Steiger, A.J. When My Heart Joins the Thousand. HarperTeen, 2018. 352p. ISBN 9780062656476. $17.99. ****
Alvie Fitz is a 17 year-old who’s had many terrible experiences with institutional medicine and foster care systems and is now living on her own. Her goal is to make it to 18, become a legal adult without problems, or get the judge involved in her case to grant her full emancipation. Both paths require her to keep her job, pay her rent on time and in general fly below the radar. But her life changes drastically when sitting in the park across from her apartment she meets Stanley. He is another park regular, a boy with a cane, and Alvie sees him toss his cell phone into the nearby duck pond. She retrieves the phone and, against her better judgment, ends up contacting him. This begins a complicated relationship made even more difficult by Alvie’s haunted past and inability to read social cues caused by Asperger syndrome and Stanley’s own physical disability, brittle bone disease.
This is a beautiful and difficult story. Both characters have an emotional depth not usually found in a teen romance. Like Rainbow Rowell’s Eleanor and Park this title transcends the genre by addressing multiple issues in a believable way. Among many significant things is that it shows how easy it is to become homeless, especially for those aging out of foster care or becoming an emancipated minor. Alvie’s reflections on her educational foray into internet videos to see how sex works are not overly graphic but they will be enough to keep this title off middle school shelves. Characters are assumed white, but other forms of diversity including ability and economic background are prominent.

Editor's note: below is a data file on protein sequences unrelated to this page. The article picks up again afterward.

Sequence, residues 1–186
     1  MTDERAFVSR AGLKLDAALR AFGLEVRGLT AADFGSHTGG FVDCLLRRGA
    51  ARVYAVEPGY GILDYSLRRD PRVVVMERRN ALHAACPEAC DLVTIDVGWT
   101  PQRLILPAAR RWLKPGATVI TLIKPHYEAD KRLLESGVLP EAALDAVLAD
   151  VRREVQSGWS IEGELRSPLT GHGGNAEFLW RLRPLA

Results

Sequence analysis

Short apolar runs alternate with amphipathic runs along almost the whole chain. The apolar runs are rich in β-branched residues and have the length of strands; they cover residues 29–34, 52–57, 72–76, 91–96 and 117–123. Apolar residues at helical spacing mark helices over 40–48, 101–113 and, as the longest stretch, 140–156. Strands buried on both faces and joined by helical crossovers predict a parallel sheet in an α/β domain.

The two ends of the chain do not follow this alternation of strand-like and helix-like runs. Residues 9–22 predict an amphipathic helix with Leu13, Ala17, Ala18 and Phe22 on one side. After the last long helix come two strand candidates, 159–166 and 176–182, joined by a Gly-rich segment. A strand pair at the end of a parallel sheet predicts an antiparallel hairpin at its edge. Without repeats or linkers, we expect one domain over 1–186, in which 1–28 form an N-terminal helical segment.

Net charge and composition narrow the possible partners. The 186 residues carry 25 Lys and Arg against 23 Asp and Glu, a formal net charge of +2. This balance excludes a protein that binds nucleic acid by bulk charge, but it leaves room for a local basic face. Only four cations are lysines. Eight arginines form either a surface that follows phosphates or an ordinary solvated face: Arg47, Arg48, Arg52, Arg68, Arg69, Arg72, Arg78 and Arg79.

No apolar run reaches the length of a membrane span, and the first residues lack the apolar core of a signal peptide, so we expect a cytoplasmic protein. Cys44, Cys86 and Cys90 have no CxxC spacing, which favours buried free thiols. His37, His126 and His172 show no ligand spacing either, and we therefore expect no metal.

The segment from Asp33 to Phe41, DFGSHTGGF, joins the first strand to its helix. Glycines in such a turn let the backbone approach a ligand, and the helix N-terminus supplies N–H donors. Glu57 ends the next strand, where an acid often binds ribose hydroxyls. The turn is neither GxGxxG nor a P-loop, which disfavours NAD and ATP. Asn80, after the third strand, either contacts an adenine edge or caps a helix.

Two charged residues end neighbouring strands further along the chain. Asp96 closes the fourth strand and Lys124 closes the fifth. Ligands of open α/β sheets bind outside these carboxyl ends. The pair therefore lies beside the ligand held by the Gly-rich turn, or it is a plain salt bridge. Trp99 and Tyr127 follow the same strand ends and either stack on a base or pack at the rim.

Carla Avitabile, San Mateo Library